Providing Health and Well Being Through Proper Sleep Will Change Your Life
Sleep Health and Hypertension

When you suffer from hypertension, or high blood pressure, it is important to understand your overall health. An additional step that you need to take is having your sleep health checked through a proper sleep study. Certain sleep disorders can affect your blood pressure and need to be closely monitored, especially if you have hypertension. You want to take the best care of yourself that you can and seeing the entire picture will help you do so. There are certain things to consider and certain sleep disorders to keep in mind.

Things to Consider

As you sleep, there are some things to keep in mind that occur naturally in the body:

  • Nocturnal blood pressure

    Usually when someone is asleep, BP decreases. When it does not, this is often a strong predictor of cardiovascular risk. Many diseases may be associated with this failure of BP to dip during sleep. These include hypertension, diabetes, chronic kidney disease and obstructive sleep apnea. It is important to get this checked out.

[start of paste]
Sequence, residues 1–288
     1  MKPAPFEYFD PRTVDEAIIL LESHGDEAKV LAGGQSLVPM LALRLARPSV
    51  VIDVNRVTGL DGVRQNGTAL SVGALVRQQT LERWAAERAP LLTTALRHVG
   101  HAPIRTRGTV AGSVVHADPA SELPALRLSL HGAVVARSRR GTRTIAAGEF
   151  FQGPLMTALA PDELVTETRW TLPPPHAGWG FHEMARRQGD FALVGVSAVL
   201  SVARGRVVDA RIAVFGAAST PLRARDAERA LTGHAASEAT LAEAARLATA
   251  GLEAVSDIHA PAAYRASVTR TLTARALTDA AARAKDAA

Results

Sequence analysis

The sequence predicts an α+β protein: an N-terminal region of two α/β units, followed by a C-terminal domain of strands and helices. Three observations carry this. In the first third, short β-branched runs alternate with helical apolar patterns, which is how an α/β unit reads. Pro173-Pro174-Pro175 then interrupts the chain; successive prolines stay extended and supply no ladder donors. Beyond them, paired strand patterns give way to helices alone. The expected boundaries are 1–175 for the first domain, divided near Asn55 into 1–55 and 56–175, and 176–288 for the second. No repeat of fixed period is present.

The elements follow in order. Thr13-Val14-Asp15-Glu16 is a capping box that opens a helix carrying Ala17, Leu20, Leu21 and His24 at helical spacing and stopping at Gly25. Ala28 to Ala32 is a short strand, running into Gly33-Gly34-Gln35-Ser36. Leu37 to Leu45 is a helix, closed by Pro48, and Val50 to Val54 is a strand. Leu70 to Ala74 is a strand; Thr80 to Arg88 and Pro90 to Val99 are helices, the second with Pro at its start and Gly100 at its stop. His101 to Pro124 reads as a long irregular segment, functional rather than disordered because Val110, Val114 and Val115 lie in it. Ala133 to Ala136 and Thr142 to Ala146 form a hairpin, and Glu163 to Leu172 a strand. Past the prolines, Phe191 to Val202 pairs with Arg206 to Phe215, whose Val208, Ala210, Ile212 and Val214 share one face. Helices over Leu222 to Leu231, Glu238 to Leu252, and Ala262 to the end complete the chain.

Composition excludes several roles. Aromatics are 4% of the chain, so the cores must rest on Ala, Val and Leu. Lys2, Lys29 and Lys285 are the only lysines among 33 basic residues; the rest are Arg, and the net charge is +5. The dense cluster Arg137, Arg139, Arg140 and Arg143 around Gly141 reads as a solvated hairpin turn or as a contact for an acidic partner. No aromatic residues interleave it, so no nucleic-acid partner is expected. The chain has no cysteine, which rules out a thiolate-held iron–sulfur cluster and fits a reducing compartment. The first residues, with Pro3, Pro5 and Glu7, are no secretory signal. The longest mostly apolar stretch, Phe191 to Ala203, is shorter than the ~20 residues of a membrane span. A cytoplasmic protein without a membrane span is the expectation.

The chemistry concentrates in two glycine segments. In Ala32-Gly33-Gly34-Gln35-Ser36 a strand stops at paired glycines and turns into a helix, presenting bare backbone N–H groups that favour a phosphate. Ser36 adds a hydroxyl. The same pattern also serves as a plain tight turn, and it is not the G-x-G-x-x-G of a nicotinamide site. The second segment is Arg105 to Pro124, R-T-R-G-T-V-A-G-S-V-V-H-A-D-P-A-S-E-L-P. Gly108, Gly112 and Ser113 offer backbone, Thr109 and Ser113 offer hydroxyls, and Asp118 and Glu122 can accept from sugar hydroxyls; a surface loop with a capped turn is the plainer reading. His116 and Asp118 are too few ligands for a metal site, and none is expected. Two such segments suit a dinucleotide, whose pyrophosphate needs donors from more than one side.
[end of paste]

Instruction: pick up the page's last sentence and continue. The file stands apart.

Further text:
• Sleep duration

    People do not get enough sleep. This is cause for alarm because when it dips below five hours per night, people are at a higher risk of hypertension.

Sleep Disorders Affected by Hypertension

These sleep disorders may have connections with hypertension:

  • Insomnia

    Insomnia and hypertension may be linked. Since insomnia can lead to shorter sleep duration, it can also factor into hypertension. The risk of hypertension increases when people with insomnia get less than five hours of sleep as well.

  • Restless legs syndrome or RLS

    There is a possible link between RLS and hypertension. A recent study found that middle-aged women with the most frequent RLS instances were 41 percent more likely to have hypertension. The prevalence of high blood pressure increased with RLS symptom frequency.

  • Obstructive sleep apnea or OSA

    OSA is a cause of secondary hypertension. About 50 percent of patients that have OSA, also have hypertension and an estimated 30 to 40 percent of people with hypertension have OSA. Blood pressure levels become elevated at night because OSA episodes produce surges in both diastolic and systolic pressure. Many times this heighted BP can continue on throughout the day.

Concerned about problems you have while you sleep? Do you think your hypertension is causing other issues? Be sure to understand all of your conditions. Set up a sleep health consultation today to get the full picture.